Four months later in June 1942 Freddie met Len Harvey for the British and Empire light heavyweight titles, plus British recognition as champion of the world. He knocked the holder out of the ring in the second round to end Harvey’s 22 year career. Freddie had only two fights in the rest of 1942 and the whole of 1943, both wins against the giant Al Robinson. Two inside the distance in 1944 kept him in trim, but after an exhibition for the US forces in Britain, he was told by referee Jack Dempsey that while he might win the world light heavy crown he was too small to take on the leading American heavyweights.
Freddie’s lack of stature was exposed at the end of 1944 and the beginning of 1945 when he was matched with two much bigger men. In September, he had a second meeting with Jack London, this time for the British and Empire heavyweight titles. Conceding 45lb Freddie was forced to take some fearful body blows, although he displayed great courage to last until the final bell and lost the decision by just one quarter of a point. Then in February he met Ken Shaw and although he won a right to the jaw lifted Freddie clear of his feet and down for the count of nine.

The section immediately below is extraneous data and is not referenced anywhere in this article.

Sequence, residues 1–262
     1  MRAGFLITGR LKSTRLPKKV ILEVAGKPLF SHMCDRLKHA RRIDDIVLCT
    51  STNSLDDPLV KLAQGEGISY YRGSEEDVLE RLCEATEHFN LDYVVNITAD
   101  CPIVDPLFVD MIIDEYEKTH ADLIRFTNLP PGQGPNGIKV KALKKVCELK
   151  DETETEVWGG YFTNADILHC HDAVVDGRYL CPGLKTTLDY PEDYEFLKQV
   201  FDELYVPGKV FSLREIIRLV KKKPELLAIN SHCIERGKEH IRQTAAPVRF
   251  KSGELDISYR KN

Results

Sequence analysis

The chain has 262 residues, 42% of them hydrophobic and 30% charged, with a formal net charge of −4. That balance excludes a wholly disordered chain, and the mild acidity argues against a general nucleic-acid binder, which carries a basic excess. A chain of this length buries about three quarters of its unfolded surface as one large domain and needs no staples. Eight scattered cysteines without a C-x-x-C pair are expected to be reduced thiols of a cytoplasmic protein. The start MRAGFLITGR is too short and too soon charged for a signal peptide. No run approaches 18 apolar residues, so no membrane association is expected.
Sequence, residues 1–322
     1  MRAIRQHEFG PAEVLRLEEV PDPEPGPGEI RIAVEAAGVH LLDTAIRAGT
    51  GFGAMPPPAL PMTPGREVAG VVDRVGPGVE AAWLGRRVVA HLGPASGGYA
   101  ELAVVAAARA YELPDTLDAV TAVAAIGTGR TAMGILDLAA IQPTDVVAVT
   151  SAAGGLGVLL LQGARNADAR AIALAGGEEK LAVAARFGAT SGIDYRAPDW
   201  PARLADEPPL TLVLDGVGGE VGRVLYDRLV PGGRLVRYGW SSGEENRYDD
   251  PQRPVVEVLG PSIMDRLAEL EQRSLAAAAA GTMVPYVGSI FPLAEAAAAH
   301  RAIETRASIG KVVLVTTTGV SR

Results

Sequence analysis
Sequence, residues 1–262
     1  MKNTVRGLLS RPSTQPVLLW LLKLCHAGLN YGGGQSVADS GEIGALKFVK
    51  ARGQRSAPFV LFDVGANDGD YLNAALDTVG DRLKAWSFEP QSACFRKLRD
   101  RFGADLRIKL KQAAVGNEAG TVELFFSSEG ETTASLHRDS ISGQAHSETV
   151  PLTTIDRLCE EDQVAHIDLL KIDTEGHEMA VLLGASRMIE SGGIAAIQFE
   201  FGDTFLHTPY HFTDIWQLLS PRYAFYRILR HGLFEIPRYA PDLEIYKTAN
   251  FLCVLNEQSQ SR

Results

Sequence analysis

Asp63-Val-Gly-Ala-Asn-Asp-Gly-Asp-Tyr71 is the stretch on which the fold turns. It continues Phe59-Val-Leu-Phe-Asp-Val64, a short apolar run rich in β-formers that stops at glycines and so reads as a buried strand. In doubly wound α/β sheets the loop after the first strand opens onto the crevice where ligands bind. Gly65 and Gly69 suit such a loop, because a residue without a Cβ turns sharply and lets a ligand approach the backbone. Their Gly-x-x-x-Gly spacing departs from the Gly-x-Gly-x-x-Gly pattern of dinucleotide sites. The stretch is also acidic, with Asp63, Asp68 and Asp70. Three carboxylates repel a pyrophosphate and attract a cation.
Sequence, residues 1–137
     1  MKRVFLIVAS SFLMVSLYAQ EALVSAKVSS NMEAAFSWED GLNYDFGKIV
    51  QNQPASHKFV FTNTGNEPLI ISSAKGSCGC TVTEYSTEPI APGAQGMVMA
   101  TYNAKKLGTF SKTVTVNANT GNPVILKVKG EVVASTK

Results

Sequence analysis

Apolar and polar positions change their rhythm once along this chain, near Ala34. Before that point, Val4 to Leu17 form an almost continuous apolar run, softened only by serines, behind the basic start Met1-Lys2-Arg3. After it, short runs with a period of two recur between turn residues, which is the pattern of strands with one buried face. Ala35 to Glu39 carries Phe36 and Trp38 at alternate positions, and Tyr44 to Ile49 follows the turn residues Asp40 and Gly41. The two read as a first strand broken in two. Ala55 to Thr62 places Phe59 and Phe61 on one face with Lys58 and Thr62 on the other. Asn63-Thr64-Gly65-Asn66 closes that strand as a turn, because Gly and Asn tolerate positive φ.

Respite from punishment came when Freddie was posted to India. He was there when peace was declared and came home early in 1946 having lost weight due to the heat but otherwise fit after some six years in the RAF. By the end of the war Jack Solomons , and East End fishmonger, had become Britain’s leading promoter and had a close working relationship with Ted Broadrib. The pair decided that Nat Seller, another of Solomon’s close contacts, should become Mills’s trainer. So trainer, manager and promoter had common interests.
Boxing was big business in Britain after the war and Solomon persuaded Gus Lesnevich, who was claiming the American version of the light heavyweight title, to meet Freddie at Harringay Arena to settle who was the real world champion. However a year in India was no preparation for a world title fight. Solomons and Broadrib had also arranged Freddie to meet Bruce Woodcock only three weeks later.